CLIPPERS usually manifests between 13 to 78 years of age [1, 4] with no predilection to either sex. The usual presenting symptoms include progressive gait disorders, ataxia, and dysarthria. Other symptoms include facial paresthesia, diplopia, and myelopathy .
Pathologically, it is characterised by marked CD3-positive T-cell predominant lymphocytic perivascular inﬂammation with co-existent white and grey matter, as well as meningeal inﬂammation with the absence of vessel wall involvement [5-6].
A definitive diagnostic criterion of CLIPPERS requires clinical, radiological, and neuropathological evidence.
Clinically, patients with CLIPPERS show signs of pontocerebellar dysfunction with improvement in treatment by using steroids. Radiologically, CLIPPERS is defined by the presence of multiple punctate lesions showing a ‘peppered’ enhancement on post-gadolinium scans in the pons, cerebellum, corpus callosum, and spinal cord. Typically, the lesions in the pontine region are multiple and bilateral with the size < 3 mm in diameter . Enhancing lesions > 3 mm in size are typically nodular . Bilateral location of disease is an important feature pointing towards CLIPPERS as the diagnosis. Patients with unilateral enhancing lesions should be carefully evaluated for alternate causes, such as neoplasms or granulomatous diseases . On corticosteroid treatment, there is a significant reduction in the enhancement and size of the pontine lesions. On pathology, CLIPPERS shows dense lymphocytic inﬂammation with perivascular predominance and parenchymal diffuse inﬁltration; both white matter and grey matter could be involved. T-cells predominating inﬁltration (CD4 > CD8) with variable macrophage components are usually seen. Lymphocytes are predominantly CD3-positive; however, CD4-positive lymphocytic infiltration has been described . The usual treatment course of CLIPPERS reports maintenance of remission using hydroxychloroquine, azathioprine, and even antitubercular drugs [7-9]. A recommended five-day course of daily intravenous methylprednisone, followed by prolonged treatment of 1 mg/kg of oral prednisone daily , with appropriate precautions regarding infection prevention, pneumocystis pneumonia prophylaxis, osteoporosis prevention, and weight management is followed. Steroid-sparing agents, such as methotrexate or azathioprine, can be started at the same time  as the oral prednisone and typically require higher doses. The disease is known to have a relapsing/remitting course, for which weekly methotrexate is added to treat the relapse event. Oral steroid treatment leads to complete resolution of the enhancing lesions with gradual atrophy of the affected regions and resolution of clinical symptoms.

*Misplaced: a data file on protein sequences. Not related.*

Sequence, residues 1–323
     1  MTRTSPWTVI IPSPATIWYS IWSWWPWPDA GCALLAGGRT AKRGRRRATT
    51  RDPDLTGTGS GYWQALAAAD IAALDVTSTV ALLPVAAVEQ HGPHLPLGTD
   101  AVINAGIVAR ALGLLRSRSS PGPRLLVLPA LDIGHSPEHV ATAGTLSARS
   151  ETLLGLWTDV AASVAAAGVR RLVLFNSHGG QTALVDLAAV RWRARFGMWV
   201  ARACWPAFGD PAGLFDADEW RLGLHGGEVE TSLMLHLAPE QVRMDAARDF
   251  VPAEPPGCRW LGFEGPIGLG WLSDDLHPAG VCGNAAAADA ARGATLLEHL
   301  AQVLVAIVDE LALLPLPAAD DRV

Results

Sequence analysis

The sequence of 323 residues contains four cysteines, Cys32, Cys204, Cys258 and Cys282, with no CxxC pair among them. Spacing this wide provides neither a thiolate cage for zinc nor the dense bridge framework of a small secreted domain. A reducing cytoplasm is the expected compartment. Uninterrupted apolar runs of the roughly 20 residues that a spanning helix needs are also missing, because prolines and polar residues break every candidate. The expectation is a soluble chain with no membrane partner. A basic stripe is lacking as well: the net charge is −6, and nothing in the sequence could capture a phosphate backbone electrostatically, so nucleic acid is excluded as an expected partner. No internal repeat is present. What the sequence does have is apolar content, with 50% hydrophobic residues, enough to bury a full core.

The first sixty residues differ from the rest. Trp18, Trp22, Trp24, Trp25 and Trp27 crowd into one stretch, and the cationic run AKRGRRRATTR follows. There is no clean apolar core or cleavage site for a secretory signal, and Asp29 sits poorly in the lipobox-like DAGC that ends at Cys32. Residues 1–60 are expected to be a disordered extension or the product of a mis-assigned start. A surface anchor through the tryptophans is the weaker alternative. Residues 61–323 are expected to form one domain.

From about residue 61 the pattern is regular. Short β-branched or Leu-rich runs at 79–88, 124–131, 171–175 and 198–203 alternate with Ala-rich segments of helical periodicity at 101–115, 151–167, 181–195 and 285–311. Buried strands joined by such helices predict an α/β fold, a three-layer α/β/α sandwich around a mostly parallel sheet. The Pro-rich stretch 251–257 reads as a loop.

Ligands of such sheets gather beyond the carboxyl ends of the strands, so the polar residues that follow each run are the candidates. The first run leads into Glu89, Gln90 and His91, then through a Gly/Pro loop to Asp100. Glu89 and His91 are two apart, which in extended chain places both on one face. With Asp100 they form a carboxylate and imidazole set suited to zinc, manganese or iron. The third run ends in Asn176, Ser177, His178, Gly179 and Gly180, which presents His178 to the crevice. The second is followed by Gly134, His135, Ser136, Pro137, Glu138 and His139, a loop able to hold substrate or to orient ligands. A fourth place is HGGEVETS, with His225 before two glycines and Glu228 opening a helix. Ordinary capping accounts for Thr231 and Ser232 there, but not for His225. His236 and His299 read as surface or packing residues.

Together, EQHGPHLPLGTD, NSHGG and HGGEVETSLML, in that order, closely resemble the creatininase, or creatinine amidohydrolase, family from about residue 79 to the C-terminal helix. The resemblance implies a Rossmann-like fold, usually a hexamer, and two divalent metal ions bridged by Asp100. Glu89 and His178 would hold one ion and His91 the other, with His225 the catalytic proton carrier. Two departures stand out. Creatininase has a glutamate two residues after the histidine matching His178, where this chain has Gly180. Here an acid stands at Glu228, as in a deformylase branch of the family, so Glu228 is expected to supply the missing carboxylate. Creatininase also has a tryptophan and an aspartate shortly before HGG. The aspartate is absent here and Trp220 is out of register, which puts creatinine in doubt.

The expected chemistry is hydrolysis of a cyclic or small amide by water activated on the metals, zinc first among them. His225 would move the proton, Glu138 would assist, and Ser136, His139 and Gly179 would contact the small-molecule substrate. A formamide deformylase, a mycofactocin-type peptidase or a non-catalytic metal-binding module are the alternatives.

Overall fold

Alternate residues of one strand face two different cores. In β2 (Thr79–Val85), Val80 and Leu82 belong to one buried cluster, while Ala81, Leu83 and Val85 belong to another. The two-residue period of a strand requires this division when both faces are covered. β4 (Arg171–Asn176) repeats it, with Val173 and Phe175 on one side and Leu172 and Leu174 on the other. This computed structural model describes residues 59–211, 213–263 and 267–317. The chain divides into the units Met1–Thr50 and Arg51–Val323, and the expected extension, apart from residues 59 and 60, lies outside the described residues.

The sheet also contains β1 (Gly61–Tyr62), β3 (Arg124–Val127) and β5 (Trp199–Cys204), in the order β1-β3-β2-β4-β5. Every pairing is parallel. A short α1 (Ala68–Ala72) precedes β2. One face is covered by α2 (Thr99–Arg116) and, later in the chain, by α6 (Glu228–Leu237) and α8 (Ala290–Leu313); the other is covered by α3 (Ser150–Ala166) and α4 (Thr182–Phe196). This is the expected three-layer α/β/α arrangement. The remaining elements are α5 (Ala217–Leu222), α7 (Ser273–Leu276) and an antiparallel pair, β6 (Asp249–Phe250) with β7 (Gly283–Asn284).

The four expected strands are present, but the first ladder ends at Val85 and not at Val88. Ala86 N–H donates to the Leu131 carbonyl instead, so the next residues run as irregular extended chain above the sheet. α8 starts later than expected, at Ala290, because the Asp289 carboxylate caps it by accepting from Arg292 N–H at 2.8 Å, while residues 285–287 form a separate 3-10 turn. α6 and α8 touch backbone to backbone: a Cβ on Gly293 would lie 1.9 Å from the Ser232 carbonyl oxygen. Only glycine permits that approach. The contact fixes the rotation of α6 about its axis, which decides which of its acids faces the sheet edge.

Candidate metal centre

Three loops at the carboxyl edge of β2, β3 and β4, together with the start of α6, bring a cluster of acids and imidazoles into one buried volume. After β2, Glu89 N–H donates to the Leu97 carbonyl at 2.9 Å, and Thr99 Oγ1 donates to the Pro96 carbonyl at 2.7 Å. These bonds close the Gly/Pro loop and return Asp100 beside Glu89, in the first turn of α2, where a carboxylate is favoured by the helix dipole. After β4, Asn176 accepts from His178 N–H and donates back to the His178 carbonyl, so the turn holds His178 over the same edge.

Although CLIPPERS has proposed definitive diagnostic criteria, a lack of definitive biomarkers and non-availability of a brain biopsy in all suspected cases remains a clinical challenge.
In the current study, we report a rare case of CLIPPERS with definitive diagnostic clinical and radiological features showing remission and improvement on steroids.
CLIPPERS is a CNS inflammatory disease characterised by marked perivascular pontine-enhancing lesions on MRI showing responsiveness to high-dose steroids. CLIPPERS is diagnosed using clinical history, neuroimaging, and biopsy. Although long-term treatment with high-dose steroids can pose numerous side effects, long-term treatment of CLIPPERS is successful with a variety of steroid-sparing drugs, suggesting that long-term outcome is good if early use of immunosuppressive drugs is started. In our case, the diagnosis of CLIPPERS was mainly based on clinical history and neuroimaging, both in the pre- and post-treatment phases.
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Chronic Lymphocytic Inflammation with Pontine Perivascular Enhancement Responsive to Steroids (CLIPPERS): A Rare Treatable Neuroradiological Spectrum
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Cite this article as:
Khanduri S, Yadav H, Pandey N, et al. (April 11, 2019) Chronic Lymphocytic Inflammation with Pontine Perivascular Enhancement Responsive to Steroids (CLIPPERS): A Rare Treatable Neuroradiological Spectrum. Cureus 11(4): e4438. doi:10.7759/cureus.4438
Received by Cureus: March 07, 2019
Peer review began: April 08, 2019
Peer review concluded: April 09, 2019
Published: April 11, 2019
© Copyright 2019
Khanduri et al. This is an open access article distributed under the terms of the Creative Commons Attribution License CC-BY 3.0., which permits unrestricted use, distribution, and reproduction in any medium, provided the original author and source are credited.
This is an open access article distributed under the terms of the Creative Commons Attribution License, which permits unrestricted use, distribution, and reproduction in any medium, provided the original author and source are credited.